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Tuesday, June 9, 2009


Tom VanBuren Pruitt was my intro to the people of these mountains. I met him the first time a few months before I came to work with him as caretaker of the Stern farm in Air Bellows, originally the Caudill farm. Tom was in his pickup, arm rested on the door with window down and I was standing outside the door in awe of seeing up close someone from another world, from the world before electricity, like all our ancestors. I was in awe that the Tom I'd heard about was so close to the earth, lived with feet firmly on the ground.

I'd just graduated from college a few years before, which I did because I needed education. A neurotic kid in high school, I didn't learn a whole lot. I took the tests and managed to get along passably, but not driven to make As. My As came when it was a course I was interested in, and then the A was automatic. I cared about the subject. I didn't want to learn facts and dates and Latin names of body parts. I wanted to be able to read a book with comprehension, learn principles this world operates by, learn how to learn. I felt like I was way down at the bottom where education was concerned. I didn't want to "use" the education for a good paying job. I didn't want a good paying job, just wanted to be able to understand things a bit better.

I learned Ted Stern was looking for someone to live at the farm year round to take care of it. Beef cows and christmas trees. Would work with old man Tom Pruitt, who was 72. I was 34. Just a year before, I'd had an experience with Our Lord that I can only say in a few words turned my direction 180 degrees, backwards from the direction I was going.

I didn't even know what direction that was, but it didn't feel right, emptiness. I looked at the people farther along in the direction I was going and saw emptiness. Felt a kind of inner crisis such that I got on a bus and went away until I found what it was that was calling me. Only told one friend where I was going, sworn to secrecy, and came back 4 days later, a new me headed in the direction of the real me, away from the unreal me.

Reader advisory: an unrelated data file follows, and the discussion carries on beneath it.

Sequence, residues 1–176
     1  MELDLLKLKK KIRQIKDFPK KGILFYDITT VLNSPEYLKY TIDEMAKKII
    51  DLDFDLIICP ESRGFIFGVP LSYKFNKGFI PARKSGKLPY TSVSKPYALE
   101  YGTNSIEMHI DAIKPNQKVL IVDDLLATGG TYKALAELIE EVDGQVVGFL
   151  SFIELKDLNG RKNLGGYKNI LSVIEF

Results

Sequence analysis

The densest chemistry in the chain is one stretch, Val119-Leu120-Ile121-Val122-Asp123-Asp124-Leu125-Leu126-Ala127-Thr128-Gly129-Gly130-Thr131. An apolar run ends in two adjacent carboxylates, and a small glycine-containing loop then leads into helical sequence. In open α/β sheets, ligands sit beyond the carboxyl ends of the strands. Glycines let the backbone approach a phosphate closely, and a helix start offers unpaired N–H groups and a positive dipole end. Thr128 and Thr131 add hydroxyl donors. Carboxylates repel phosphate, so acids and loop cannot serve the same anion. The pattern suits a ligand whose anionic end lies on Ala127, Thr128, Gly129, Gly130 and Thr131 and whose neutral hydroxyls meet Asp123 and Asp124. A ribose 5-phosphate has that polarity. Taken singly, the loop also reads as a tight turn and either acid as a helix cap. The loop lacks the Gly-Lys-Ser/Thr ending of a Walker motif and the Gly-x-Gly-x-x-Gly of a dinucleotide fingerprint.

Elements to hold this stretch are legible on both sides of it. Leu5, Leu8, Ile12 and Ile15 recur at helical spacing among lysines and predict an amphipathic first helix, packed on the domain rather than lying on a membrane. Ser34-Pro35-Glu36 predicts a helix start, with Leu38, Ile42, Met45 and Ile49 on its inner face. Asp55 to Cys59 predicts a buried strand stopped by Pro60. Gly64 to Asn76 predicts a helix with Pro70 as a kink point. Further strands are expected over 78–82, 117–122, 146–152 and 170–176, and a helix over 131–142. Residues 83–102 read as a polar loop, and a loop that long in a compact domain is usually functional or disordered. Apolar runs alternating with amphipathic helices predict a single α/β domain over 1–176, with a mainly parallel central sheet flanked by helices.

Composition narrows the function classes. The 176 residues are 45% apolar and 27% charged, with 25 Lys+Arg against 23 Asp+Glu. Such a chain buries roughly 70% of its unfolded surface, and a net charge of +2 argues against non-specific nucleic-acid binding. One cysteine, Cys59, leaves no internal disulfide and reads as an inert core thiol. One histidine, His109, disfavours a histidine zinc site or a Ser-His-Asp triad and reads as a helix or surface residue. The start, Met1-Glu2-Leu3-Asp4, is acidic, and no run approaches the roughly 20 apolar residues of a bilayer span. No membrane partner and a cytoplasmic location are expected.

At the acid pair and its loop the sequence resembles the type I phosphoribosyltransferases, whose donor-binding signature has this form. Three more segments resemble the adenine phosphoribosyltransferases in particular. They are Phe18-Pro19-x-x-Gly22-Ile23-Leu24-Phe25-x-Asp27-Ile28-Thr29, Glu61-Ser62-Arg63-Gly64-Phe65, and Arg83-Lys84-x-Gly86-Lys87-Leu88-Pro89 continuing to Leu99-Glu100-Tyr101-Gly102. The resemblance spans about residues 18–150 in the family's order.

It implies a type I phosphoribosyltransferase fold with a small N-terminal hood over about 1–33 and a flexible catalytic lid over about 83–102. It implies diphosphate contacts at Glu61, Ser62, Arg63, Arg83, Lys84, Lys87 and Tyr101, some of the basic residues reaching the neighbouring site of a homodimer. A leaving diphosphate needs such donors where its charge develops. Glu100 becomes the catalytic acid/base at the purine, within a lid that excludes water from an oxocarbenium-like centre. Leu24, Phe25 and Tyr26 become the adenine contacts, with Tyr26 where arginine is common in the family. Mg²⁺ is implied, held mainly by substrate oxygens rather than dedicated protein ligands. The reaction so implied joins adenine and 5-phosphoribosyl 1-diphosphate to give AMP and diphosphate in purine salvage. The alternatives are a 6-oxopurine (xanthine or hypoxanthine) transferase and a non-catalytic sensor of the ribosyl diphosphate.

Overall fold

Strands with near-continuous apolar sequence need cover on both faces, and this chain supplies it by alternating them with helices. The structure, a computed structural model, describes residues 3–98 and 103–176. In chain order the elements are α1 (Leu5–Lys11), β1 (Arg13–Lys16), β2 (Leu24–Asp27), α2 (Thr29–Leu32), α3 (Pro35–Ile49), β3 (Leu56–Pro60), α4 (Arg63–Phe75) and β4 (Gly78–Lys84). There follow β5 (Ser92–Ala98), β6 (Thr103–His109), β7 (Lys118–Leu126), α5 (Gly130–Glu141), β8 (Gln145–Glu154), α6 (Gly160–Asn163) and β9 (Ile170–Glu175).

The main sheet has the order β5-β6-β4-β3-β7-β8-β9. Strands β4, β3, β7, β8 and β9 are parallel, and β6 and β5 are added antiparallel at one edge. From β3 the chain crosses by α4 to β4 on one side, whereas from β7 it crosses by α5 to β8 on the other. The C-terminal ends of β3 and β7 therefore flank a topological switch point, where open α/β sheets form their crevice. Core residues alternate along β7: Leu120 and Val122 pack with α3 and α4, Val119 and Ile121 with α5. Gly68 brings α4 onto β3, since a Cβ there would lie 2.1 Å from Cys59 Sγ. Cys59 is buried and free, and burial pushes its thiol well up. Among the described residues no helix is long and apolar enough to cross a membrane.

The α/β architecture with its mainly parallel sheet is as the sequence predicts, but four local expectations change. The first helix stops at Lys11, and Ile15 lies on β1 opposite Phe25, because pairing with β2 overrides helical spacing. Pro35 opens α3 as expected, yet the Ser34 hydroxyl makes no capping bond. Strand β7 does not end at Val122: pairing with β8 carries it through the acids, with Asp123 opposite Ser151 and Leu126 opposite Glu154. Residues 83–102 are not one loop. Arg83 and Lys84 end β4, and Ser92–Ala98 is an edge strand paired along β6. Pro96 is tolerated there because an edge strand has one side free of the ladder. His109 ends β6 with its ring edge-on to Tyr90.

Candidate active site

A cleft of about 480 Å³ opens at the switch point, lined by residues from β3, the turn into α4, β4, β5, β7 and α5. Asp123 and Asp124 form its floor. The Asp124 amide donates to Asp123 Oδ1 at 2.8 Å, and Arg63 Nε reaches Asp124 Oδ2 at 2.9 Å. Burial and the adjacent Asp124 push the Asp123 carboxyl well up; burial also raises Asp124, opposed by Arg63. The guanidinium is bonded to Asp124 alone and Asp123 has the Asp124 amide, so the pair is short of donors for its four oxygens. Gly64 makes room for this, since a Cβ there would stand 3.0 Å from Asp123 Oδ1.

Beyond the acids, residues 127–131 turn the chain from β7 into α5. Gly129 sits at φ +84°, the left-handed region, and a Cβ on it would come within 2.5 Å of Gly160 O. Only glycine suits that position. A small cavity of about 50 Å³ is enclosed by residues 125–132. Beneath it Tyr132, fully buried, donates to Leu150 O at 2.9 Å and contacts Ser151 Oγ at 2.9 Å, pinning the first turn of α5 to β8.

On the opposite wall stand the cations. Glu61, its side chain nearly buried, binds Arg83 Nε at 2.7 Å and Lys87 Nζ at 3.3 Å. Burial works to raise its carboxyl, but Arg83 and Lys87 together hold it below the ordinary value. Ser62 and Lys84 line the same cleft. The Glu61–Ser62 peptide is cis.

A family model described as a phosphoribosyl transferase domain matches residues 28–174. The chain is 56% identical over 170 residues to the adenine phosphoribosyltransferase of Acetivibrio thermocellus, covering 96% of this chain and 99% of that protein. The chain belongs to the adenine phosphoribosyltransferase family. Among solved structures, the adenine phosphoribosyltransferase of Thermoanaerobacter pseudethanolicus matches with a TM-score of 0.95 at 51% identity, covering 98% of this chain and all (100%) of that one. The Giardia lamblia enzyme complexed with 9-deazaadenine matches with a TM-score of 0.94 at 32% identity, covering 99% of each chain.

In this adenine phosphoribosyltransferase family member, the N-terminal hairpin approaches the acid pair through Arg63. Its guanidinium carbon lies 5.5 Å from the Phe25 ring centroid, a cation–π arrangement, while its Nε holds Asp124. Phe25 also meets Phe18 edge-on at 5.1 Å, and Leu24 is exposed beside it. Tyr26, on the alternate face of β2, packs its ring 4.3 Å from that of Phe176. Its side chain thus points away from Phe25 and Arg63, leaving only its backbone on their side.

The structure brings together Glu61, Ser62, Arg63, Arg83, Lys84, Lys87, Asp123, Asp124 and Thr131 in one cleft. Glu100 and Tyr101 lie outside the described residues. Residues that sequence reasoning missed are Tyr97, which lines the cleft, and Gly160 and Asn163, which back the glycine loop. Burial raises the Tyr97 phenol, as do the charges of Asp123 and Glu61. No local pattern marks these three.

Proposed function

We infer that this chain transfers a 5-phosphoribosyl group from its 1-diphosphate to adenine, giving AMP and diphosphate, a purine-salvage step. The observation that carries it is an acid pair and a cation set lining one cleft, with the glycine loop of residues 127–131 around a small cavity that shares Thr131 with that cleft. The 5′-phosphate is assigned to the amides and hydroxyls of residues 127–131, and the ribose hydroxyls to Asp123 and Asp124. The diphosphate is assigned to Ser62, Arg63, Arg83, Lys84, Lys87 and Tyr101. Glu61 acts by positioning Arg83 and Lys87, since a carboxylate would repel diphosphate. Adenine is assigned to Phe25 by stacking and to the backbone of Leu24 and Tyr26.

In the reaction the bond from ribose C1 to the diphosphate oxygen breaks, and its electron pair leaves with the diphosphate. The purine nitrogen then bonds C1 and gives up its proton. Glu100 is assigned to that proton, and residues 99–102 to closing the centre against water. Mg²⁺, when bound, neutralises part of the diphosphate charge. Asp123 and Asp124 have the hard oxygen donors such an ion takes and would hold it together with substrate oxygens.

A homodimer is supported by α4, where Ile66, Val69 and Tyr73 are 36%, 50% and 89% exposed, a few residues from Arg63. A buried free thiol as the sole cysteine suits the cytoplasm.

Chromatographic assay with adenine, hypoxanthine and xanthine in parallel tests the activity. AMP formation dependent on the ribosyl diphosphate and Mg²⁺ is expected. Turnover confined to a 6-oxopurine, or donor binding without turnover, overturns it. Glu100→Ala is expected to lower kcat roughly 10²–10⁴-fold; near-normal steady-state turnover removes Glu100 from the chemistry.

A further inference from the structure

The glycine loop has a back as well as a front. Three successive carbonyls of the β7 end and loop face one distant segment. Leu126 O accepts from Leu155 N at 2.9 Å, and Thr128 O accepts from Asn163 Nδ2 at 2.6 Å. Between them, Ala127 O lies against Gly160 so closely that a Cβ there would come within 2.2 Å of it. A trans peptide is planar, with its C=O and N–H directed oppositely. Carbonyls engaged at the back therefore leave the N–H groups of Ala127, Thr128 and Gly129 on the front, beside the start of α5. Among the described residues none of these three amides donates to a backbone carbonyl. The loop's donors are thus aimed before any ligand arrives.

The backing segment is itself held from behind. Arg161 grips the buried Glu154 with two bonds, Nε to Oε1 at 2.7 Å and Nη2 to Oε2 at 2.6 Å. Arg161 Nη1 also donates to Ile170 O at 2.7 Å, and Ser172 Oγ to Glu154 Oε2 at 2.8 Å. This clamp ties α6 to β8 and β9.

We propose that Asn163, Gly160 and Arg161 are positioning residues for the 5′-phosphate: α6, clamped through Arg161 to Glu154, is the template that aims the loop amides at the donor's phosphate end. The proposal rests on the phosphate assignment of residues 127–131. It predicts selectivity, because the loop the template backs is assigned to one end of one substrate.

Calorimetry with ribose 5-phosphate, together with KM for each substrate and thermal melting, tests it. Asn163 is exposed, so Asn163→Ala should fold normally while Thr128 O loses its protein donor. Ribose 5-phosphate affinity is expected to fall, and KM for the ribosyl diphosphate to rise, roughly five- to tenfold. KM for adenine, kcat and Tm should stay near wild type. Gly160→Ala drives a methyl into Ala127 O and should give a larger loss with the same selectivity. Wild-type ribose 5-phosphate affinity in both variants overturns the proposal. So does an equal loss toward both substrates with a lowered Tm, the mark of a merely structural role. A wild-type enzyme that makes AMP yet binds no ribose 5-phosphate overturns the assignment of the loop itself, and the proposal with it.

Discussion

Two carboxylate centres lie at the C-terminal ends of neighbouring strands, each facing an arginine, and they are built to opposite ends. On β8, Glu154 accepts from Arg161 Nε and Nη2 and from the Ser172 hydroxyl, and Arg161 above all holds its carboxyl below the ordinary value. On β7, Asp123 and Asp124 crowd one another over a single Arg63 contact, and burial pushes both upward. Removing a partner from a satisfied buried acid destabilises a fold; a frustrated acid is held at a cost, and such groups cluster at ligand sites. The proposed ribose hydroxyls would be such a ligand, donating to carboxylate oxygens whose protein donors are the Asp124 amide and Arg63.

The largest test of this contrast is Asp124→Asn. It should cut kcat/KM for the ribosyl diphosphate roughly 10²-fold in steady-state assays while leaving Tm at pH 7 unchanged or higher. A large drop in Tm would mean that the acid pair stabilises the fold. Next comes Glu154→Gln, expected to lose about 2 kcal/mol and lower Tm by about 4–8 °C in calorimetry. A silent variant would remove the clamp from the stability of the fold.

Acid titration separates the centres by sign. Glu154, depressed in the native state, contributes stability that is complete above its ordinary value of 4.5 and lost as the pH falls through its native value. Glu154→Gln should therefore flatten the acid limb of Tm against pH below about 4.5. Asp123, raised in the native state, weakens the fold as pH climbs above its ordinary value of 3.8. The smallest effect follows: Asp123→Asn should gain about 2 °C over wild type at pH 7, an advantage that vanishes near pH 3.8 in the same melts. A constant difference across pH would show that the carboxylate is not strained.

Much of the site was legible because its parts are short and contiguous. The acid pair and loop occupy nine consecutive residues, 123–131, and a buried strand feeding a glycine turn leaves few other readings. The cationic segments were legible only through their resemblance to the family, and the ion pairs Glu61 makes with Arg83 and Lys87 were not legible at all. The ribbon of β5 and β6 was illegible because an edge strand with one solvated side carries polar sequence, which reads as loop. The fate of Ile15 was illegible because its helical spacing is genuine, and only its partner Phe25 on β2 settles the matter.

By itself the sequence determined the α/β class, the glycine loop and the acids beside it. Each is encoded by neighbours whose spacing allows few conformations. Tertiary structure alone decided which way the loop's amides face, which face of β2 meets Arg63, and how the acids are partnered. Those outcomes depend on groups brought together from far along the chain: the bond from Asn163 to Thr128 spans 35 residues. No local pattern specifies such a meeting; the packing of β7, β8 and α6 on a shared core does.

I'd been considering tech college to learn carpentry and work outdoors. I wanted to labor, work hard day after day, in semi-solitude. I felt like I'd just been born and needed a beautiful world to live in, like the Blue Ridge Mountains, where I can work and get to know a whole new kind of people, a totally different culture that happened to speak English, so I didn't have to learn a language too.

Tom would spit while he talked. He told me that down at the Whitehead Store somebody said they could put an A-bomb on the moon. This was 1976. Tom replied, "What do they want to do that for? Th'aint nothin up there." He looked at me with Arctic blue eyes that said, I sure did say that. I thought Tom and I will get along very well. I felt good about the future, jumping out of the world I knew my way around in, into a world I knew nothing about but Walker Evans and Doris Ullman photographs of Appalachian poverty.

I loved hearing the rhythm of Tom's talking. It was music to ears that were so used to grammar according to tests, just about my only experience theretofore. Later, when I took friends visiting from other places up to meet Tom, they always came back saying they didn't understand a word he said. I didn't have any difficulty understanding him. I loved listening to him talk and understood it all. It was the same language and the same accent my grandmother talked, which puzzled me. How could a woman in Kansas talk with the same accent as the people of these mountains?

Thirty years later I learned my grandmother Worthington's whole extended family of a dozen mostly grown kids picked up from East Kentucky and went west to Kansas where they settled before she was born. I'd heard that two of her brothers from Kentucky played fiddle. No way to verify it that I can think of. She grew up in a home where everyone talked like people from East Kentucky talk, like around here. She listened to Grand Ole Opry and loved Little Jimmy Dickens, "he's little but he's loud."

Without knowing it for 30 years, my parachute landed me in my grandmother's culture. All that time it was so inexplicably familiar I called it, and still do, the home of my soul. When I was 5, 6 and 7, I knew my greatgrandmother Worthington, who went to Kansas with her husband and kids from Ninemile, Tennessee, a Hale, in the Cumberland Plateau region. Grandmother's people were from the same Cumberland Plateau, just over in Kentucky. Grandmother and grandfather knew each other in school, spoke the same accent, shared the same beliefs, mountain kids growing up on farms in Kansas.

All that came to me 30 years later. It was there then, I just didn't know it. The background stuff God knew when he blew my parachute this way. That moment of meeting Tom I didn't realize where his accent and the way he spoke took me within at the time, it seemed familiar like something I'd heard in a dream and forgot the dream. It was 30 years learning why Tom's talking was so familiar and comforting on such a subtle level. When I say these mountains are the home of my soul, now I understand why.

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